Published July 2015
Paints and coatings continue to consume the majority of MEK. Worldwide, approximately 44% of MEK was consumed for this application in 2014. There will be little change in the world MEK market breakdown by 2019. However, there are slight regional variations. Although adhesives make up only 17% of the MEK market, this application will experience the highest growth rate during 2014–19.
Historically, MEK capacity was concentrated in the three major regions (United States, Western Europe, and Japan); these regions accounted for 75% of total MEK capacity in 2003. In 2014, the United States was no longer a producer and Western Europe and Japan together accounted for about 43% of global MEK capacity. China alone made up 38% of total world capacity in 2014.
The following pie chart shows world consumption of methyl ethyl ketone:
In 2014, MEK supply was tight—particularly in the United States. Several vessels were delayed getting into the Gulf Coast beginning in the second quarter; there were also some supply issues with product coming from Brazil, and an explosion at Shells MEK plant in the Netherlands resulted in a force majeure, ultimately leading to sales allocations.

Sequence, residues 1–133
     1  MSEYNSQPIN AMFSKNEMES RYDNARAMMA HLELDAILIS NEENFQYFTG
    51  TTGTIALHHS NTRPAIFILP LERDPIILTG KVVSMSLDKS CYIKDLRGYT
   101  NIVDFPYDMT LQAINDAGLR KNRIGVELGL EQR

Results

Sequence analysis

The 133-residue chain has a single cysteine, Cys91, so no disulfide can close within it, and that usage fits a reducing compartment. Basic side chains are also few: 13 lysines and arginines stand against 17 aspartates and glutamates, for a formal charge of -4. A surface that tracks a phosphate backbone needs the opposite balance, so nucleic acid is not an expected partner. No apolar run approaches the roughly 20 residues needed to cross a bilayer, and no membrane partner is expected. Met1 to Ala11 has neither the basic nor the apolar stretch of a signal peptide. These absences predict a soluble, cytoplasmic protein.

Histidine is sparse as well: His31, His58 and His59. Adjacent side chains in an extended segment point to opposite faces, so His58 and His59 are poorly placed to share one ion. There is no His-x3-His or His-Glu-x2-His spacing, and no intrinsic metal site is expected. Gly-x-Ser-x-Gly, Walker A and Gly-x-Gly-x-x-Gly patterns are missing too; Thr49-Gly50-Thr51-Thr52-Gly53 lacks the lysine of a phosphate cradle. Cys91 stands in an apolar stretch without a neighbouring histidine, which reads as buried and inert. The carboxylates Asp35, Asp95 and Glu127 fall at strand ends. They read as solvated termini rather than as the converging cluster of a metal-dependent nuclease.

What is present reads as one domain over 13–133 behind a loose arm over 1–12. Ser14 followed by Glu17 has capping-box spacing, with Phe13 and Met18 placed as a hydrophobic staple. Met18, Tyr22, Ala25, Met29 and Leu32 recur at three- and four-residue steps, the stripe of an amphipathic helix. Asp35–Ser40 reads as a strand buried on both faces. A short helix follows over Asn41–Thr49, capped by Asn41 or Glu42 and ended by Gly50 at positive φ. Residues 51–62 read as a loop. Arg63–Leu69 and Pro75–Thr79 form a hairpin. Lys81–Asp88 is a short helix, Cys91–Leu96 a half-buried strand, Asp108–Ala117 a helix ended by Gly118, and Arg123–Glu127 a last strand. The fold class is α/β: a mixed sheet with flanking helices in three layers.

Western European MEK demand has been impacted by increased use of recycling and process optimization. There has been widespread interest in reformulating to replace or reduce MEK usage, especially in times of supply shortages or high prices.
World MEK consumption is forecast to grow at an average annual rate of 1.7% during 2014–19. Most of this growth will come from Asia Pacific, especially China, where its use in most applications (coatings, adhesives, artificial leather, and printing inks) is expected to grow at an average annual rate of about 2% during 2014–19. MEK consumption will increase only modestly during 2014–19 in the developed regions. The slower world consumption growth rate (compared with previous years) reflects a slowing global economy, competition from other solvents, and technology substitution in the coatings market as powder and waterborne technologies are growing at the expense of their solvent-based counterparts.